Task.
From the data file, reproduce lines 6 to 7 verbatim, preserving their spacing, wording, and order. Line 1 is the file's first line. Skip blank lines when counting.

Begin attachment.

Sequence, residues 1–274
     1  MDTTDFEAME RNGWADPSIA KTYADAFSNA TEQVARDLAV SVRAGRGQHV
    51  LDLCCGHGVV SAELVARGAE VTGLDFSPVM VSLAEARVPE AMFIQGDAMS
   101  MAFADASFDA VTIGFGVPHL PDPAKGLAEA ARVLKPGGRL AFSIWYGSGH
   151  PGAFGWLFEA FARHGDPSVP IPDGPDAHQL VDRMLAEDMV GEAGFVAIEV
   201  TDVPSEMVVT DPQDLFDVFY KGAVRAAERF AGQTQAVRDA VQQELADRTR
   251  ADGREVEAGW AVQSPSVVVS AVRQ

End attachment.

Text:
   201  TDVPSEMVVT DPQDLFDVFY KGAVRAAERF AGQTQAVRDA VQQELADRTR
   251  ADGREVEAGW AVQSPSVVVS AVRQ